Dungeons & Dragons is an integral part of my life. I started the tabletop game in June, expecting the campaign to run for the duration of the summer before our group disbanded and went back to college and work. That hasn’t been the case, and the game is still a weekly activity for the six of us. Within the span of five months, so much has happened: Kyle’s character Darcc was swallowed by a giant poisonous frog and had to be brought back to life; Zack’s character Trogdor died after stumbling upon a boss fight on his own; Emily’s character Althea met her doppelganger Nega-Althea and promptly tried to destroy her; Billy’s character Ushgar kept a woman in his bag of holding for months after a failed attempt at interrogation; and my character Andraste… she’s successfully seduced three men by accident.
Having a great Dungeon Master is crucial, and we’re lucky to have Trevor guiding us through our game. At first, I thought I’d have an easier time getting into character because of my experience role-playing before. It turns out I’m the worst at role-playing in person. Everyone else has blown me away. Zack is good at embracing the nature of his characters and Billy manages to change the pitch of his voice when speaking as Ushgar. Kyle chooses his words to match what Darcc would say, and Emily stays in character and knows exactly what Althea’s motives are in any given situation. I turn into a bumbling mess when speaking as Andraste.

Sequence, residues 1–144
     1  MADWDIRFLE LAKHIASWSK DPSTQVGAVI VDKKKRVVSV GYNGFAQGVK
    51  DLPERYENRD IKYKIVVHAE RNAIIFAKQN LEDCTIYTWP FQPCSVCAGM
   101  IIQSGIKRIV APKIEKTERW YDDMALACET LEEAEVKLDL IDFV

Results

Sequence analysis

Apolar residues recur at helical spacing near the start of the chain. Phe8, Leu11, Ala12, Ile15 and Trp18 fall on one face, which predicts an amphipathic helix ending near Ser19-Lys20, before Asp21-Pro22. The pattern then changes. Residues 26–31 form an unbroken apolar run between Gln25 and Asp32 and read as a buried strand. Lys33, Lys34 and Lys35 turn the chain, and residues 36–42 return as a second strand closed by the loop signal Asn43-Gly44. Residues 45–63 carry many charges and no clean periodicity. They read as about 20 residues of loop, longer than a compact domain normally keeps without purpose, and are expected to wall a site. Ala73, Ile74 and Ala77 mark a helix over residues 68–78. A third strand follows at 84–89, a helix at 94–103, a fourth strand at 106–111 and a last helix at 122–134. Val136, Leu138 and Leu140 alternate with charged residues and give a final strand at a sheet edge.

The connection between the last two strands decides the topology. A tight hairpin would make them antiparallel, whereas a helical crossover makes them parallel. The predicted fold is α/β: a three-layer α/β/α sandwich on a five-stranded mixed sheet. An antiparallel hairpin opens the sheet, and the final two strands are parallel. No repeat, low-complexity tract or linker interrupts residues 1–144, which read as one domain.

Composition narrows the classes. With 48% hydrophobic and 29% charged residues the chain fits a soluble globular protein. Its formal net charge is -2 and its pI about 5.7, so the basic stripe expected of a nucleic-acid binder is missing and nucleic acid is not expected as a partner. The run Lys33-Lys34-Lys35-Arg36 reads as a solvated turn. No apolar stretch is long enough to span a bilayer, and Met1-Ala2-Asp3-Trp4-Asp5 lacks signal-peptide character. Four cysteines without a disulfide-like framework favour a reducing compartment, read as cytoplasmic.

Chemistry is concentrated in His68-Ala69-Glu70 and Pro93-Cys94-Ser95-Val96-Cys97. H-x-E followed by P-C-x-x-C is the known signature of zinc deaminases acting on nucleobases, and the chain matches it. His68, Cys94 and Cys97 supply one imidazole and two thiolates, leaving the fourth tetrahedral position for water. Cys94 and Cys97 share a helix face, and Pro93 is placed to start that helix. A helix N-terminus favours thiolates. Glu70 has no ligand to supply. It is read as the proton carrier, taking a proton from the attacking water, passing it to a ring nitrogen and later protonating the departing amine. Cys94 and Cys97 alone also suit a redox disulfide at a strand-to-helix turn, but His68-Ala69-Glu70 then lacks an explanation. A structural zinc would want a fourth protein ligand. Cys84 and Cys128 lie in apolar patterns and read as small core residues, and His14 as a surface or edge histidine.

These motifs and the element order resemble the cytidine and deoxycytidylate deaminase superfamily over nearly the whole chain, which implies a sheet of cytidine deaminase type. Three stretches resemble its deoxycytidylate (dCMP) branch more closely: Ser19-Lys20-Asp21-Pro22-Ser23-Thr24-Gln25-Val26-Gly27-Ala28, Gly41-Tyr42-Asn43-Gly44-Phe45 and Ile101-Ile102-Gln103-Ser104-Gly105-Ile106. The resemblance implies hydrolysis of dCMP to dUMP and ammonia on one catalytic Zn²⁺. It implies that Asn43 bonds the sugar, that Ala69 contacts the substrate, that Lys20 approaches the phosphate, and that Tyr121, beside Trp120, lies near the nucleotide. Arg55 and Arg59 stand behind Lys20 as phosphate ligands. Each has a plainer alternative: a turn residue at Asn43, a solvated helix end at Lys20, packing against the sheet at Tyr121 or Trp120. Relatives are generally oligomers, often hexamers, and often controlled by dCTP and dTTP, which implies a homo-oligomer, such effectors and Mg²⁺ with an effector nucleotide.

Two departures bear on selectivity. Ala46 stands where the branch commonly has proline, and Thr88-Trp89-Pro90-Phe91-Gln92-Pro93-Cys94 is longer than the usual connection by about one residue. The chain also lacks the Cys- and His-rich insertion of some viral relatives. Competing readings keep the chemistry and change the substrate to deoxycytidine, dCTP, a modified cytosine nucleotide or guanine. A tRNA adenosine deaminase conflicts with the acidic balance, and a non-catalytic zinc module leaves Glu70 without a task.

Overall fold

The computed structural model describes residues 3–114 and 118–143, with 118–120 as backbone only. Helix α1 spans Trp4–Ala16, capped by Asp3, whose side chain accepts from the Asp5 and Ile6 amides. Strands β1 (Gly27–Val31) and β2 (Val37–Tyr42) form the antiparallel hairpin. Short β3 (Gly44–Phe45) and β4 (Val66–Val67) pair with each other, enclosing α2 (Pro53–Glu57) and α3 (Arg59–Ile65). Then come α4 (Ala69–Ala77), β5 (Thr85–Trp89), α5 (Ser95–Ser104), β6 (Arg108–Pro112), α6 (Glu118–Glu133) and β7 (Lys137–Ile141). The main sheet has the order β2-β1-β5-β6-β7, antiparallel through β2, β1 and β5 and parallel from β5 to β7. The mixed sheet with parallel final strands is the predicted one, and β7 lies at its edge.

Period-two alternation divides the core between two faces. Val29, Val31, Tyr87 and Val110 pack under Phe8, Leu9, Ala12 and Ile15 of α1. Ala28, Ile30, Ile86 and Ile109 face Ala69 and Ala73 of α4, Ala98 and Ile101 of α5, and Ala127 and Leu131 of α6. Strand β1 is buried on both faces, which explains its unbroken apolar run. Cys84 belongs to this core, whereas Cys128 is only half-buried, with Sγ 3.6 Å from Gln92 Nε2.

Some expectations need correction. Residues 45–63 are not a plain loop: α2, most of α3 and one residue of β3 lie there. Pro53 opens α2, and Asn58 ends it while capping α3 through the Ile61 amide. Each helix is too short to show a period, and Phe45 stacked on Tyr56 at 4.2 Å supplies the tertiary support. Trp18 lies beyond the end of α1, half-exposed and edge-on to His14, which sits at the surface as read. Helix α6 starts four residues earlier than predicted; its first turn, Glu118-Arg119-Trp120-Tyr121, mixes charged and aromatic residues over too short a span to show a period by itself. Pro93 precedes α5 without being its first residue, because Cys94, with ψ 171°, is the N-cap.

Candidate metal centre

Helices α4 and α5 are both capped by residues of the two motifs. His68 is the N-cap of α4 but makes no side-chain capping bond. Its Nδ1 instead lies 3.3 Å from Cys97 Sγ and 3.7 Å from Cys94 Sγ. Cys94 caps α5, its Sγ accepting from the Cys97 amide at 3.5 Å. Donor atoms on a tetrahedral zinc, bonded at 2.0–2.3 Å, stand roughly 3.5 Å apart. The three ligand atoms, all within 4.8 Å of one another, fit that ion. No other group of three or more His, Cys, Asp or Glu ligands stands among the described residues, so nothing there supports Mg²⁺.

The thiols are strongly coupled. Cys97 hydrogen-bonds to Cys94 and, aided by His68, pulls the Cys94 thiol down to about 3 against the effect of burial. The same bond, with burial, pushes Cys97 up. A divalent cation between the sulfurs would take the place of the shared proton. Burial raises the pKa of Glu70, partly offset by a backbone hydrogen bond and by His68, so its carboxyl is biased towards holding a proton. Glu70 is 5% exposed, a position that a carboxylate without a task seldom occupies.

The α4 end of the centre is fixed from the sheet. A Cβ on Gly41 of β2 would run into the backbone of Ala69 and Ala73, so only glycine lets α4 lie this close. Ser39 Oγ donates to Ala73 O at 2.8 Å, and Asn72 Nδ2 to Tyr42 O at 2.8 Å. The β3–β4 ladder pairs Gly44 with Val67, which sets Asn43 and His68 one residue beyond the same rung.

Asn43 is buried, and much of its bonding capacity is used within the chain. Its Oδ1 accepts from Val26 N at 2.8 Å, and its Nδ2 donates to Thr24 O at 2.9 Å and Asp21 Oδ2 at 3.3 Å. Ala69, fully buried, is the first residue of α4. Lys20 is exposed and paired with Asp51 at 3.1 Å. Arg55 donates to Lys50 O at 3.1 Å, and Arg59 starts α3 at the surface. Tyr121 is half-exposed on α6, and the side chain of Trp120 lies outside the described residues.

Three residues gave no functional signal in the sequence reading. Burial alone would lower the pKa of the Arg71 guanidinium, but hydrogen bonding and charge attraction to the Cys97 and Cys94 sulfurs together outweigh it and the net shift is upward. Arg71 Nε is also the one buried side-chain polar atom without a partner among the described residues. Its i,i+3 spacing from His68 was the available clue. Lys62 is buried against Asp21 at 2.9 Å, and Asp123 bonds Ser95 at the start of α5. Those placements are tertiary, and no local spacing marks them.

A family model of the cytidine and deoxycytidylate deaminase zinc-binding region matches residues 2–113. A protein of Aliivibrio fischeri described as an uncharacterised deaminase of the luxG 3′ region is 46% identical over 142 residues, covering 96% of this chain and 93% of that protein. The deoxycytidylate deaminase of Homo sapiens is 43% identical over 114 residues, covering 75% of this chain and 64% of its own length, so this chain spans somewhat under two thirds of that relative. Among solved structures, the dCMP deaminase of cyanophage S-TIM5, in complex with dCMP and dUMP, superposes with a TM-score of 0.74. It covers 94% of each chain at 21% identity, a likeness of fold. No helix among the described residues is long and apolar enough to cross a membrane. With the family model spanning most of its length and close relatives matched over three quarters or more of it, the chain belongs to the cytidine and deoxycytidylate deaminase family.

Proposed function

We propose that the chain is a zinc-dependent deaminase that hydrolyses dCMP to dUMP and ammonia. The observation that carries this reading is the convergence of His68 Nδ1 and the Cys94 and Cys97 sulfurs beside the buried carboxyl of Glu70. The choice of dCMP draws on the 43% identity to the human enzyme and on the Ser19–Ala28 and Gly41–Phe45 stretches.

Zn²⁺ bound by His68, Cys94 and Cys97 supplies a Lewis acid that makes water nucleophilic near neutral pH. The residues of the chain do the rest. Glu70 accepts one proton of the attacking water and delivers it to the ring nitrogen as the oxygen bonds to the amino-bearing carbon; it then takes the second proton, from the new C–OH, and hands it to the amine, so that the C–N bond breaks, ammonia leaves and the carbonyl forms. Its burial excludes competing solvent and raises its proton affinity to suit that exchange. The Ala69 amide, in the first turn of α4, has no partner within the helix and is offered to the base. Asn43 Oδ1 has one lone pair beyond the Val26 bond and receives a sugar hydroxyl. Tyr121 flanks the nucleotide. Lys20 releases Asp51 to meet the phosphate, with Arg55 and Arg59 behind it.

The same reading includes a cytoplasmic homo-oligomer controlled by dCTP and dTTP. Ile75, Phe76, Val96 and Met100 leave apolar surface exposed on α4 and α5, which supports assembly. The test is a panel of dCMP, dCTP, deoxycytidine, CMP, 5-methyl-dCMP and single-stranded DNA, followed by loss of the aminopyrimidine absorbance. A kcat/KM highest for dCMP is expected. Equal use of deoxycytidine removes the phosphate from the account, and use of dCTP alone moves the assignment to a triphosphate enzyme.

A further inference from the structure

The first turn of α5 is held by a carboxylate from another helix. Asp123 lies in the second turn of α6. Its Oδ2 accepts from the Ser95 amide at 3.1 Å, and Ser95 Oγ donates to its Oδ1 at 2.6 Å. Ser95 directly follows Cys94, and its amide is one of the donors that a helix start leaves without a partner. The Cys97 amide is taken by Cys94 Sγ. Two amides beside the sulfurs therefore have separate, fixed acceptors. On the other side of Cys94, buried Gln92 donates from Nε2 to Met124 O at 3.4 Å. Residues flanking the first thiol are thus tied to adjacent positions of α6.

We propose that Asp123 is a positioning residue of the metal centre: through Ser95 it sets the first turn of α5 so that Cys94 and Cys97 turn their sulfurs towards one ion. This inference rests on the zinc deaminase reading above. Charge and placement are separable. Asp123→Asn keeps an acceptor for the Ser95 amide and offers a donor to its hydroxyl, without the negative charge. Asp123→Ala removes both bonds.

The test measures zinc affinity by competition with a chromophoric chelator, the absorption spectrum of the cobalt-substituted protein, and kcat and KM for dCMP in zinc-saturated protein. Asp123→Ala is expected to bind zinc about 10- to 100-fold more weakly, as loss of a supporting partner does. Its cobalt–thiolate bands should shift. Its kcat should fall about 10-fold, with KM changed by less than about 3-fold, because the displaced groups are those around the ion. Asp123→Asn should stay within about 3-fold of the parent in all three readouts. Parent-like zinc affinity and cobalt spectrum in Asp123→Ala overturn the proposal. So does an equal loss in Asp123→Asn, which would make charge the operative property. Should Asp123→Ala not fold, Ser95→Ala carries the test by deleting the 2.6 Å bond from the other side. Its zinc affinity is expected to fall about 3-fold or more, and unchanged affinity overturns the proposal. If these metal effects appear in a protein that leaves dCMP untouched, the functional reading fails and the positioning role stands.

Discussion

I’ve never been an eloquent speaker. I pause every couple of seconds to reconsider how I’m phrasing my words. I can’t think about what my character would say on the spot unlike my companions do. My role-playing skills become useless when required to open my mouth. Andraste is a Bard, and she’s charismatic and charming. My ability to role-play thrives when I’m alone, taking as long as I want to figure out what to say.
Our most recent campaign had a lot of role-playing going on. Everyone else did great. Zack’s newest character Derek is going through an emotional time and he does a wonderful job portraying that. Kyle’s character is a riot when he tries to talk to townsfolk and ends up sounding awkward (part of Darcc’s charm). Ushgar is going through some major character development and it shows through in dialogue, as is Althea. At one point during the game, my character was alone in a tiny, cramped cave with a handsome prince who she successfully charmed with an unexpected roll (a natural 20!). It was my turn to act in character. Instead of impressing my friends with a great display, I tripped over my words, clumsily trying to explain what Andraste wanted to do.
I’m not sure what my problem is. It’s a lot harder to dissociate myself from my character when around my peers. I need to practice separating myself from my own expectations.
—Follow Emma Kidwell on Twitter: @EmmaKidwell